Wheels Gone: Bike-Stealing Season

A forlorn, abandoned bike, sprawled in the ditch, wheels akimbo, handlebars twisted. It’s a common sight along the trails around Yellowknife, especially as spring turns to summer. “Where did you come from?” you might idly wonder as you pass by one these rusted, trashed victims.

The moment I found out my own bicycle had been stolen, however, an indignant rage consumed me. I posted a ranting ad on YKTrader, starting with “BIKE STOLEN — HUGE REWARD OFFERED.” I ended it with something like “There is no reward offered, I just wanted you to read this so I could say, F*** you, you A**hole.” I can’t remember all the details, but between that opening and closing I delivered a ranting spiel about how they had just stolen my infant child’s summer bike rides. I admit: I was a tad over the top. But in my defense I had just woken up, after a night of broken sleep thanks to the aforementioned baby, and my partner had just told me that my bike been stolen.


The RCMP have no statistics on stolen bikes in Yellowknife. They categorize stolen items by value, not type. But how can we really value a stolen bike? Sure, in monetary terms, you could take the original cost — my invoice from 2007 says $250. But what about the cost of fuel saved by cycling to work every day, the cost of cabs saved by cycling home after a night out, the cost of public transport, renting a car on holidays — even owning a car. For some, their bike does it all.

Then you get to the even more intangible stuff, like my partner’s much-loved two-wheeler, stolen last autumn after a thousands-of-kilometres cycle through South America. What’s the price on the bike that won you victory in hard-fought races, took on the ice road in -25 C, transported you around new cities, waited for you faithfully in the luggage hall in new countries? And how about the health benefits of cycling, the burning of calories, the toning of muscles, the releasing of dopamine?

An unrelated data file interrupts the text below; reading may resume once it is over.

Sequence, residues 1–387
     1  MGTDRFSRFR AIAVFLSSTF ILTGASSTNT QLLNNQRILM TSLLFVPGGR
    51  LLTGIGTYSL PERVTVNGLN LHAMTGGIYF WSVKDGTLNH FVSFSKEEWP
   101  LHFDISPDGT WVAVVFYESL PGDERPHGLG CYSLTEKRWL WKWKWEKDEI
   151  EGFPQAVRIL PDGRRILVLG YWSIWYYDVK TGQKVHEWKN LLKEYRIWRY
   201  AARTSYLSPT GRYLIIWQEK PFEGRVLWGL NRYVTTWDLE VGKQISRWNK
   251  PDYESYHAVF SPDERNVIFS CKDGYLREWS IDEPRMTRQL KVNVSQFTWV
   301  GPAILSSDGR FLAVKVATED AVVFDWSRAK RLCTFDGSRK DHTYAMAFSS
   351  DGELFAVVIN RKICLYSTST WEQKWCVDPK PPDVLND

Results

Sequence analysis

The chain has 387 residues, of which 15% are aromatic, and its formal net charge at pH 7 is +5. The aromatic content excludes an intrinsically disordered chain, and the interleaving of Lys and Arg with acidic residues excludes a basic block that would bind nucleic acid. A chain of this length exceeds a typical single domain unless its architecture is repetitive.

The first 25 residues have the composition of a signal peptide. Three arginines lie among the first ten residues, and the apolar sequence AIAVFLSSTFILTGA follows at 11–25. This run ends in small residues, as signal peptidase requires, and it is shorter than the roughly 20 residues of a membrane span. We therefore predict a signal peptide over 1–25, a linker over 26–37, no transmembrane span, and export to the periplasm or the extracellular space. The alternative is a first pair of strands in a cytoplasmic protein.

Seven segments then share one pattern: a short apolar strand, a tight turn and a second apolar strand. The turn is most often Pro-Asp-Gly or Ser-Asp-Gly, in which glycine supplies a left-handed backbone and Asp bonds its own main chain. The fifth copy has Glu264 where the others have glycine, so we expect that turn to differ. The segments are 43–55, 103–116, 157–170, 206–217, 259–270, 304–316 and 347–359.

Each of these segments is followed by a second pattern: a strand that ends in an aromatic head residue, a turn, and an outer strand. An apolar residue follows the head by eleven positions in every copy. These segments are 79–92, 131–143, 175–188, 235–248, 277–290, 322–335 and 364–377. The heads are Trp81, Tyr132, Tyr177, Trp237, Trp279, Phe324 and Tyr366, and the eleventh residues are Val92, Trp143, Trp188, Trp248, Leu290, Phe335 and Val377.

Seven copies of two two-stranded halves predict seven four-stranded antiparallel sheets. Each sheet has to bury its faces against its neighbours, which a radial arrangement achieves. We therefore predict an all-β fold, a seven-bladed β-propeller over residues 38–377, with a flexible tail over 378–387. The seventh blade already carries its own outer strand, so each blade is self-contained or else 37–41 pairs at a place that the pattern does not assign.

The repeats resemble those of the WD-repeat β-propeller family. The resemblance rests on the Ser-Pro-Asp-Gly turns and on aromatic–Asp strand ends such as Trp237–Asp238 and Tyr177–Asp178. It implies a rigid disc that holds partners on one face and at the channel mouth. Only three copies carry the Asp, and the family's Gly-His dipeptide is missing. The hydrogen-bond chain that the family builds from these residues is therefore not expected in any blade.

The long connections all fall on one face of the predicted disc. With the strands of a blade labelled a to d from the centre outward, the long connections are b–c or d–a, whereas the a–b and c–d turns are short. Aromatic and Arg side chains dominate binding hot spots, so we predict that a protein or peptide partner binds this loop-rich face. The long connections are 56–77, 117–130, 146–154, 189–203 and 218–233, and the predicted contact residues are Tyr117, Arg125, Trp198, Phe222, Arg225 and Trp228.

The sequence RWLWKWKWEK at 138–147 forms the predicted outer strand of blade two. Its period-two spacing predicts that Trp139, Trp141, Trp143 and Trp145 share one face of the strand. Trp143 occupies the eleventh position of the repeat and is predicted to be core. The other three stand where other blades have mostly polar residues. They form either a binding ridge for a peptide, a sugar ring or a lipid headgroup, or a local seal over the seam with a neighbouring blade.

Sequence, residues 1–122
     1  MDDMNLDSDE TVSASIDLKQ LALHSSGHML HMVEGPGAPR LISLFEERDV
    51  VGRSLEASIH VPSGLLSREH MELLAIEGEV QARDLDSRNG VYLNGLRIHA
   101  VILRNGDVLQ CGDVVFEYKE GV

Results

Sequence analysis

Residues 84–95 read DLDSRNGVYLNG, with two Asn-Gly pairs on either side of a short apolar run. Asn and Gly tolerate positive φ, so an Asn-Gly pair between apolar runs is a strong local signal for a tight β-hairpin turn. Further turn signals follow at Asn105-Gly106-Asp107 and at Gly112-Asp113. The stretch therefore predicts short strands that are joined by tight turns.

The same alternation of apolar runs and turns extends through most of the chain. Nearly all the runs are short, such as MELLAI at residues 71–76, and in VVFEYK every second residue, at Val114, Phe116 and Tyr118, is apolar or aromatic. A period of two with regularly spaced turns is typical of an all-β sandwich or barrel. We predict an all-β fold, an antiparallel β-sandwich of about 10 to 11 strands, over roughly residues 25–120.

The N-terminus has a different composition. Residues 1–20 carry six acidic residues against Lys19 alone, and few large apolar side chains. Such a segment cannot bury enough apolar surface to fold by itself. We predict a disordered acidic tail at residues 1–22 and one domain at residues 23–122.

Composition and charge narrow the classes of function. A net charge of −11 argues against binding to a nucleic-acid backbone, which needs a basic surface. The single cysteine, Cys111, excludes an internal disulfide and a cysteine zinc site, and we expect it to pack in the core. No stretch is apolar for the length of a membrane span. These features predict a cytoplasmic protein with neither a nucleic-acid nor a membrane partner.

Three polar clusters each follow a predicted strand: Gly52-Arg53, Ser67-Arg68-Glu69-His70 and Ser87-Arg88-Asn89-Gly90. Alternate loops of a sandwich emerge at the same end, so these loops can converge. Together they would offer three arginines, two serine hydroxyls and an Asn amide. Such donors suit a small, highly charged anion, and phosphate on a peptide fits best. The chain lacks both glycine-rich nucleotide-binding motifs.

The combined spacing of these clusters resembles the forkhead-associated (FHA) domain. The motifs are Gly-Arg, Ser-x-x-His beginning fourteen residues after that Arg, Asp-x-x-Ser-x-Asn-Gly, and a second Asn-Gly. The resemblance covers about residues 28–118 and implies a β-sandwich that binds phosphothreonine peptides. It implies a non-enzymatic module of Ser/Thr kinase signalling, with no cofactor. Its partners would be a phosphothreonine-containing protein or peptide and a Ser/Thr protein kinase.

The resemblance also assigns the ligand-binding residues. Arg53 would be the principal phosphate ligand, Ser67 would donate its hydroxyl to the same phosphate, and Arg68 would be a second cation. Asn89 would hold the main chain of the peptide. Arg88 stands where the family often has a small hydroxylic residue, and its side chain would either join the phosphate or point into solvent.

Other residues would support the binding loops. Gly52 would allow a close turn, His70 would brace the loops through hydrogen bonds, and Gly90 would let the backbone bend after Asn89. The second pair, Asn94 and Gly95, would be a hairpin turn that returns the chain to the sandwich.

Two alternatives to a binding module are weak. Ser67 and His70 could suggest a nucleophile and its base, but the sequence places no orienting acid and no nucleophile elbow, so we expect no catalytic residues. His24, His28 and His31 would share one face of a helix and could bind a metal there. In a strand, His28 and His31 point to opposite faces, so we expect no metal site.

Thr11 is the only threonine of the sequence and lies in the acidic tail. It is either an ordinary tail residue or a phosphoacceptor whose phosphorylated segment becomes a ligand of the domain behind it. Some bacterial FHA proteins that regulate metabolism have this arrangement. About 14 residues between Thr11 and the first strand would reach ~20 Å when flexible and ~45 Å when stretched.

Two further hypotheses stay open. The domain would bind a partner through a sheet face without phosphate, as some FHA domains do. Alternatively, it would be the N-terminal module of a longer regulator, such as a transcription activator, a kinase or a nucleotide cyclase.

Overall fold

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There are even future, yet-to-unfold adventures to account for — in my case, those lost summer cycles with my baby in tow. That one is connected to past memories of my sister and me, one on the crossbar, one on the back, cycling through the countryside with my dad.


So what to do when your bike gets stolen? Does posting a reward just encourage more bike thievery, or is it a sure way to get your ride back? One friend posted a $200 reward for her two-wheeler when it was nabbed from outside her workplace last year. She had recently splashed out on a beautiful custom-built bike intended for long-distance travel in exotic places, and it was worth a lot of money. What was another $200 to get it back?

Her plan worked. A guy met her and handed it over, damaged but salvageable, for the wad of cash. It cost even more money to repair, but at the end of the day she did have her bike back.

Another friend was on the other end of this scenario once. He noticed a trashed bike on his way home from work one day, thrown in a heap in the usual style of abandoned bikes. Upon closer inspection, he recognized it at once as a bike that had been reported stolen that morning. Heck, he even knew where the owner lived. Excited to help out, he proudly delivered it back — and distinctly felt under suspicion that he had stolen it himself.


I took down my ad after it hit 1000 views, and after I had received an equally indignant response to it: “I am neither a thief nor an A**hole,” it went. “I just clicked on this ad because I wanted to help a fellow human being.” They went on to suggest checking behind the RCMP building (where there’s a small rack of rescued bikes). I did, with no luck, but thanks for the advice, and sorry you had to read my angry ad.

My bike is still missing, and I’m still wondering what to say to the RCMP when they asked me about its value. Where to start? It was five years old with a bit of rust, needed tuning… I found the invoice from 5 years ago in my email — the wonder of the internet. The bike was $250. The little retro bell I bought tacked on another $25. When I moved up here, I got winter tires — add another $50. Oh, and a water bottle holder… hmmm, maybe another $25… But at the end of the day, it’s like that cheesy credit card ad that encourages everyone to go wildly into debt every Christmas says: priceless.


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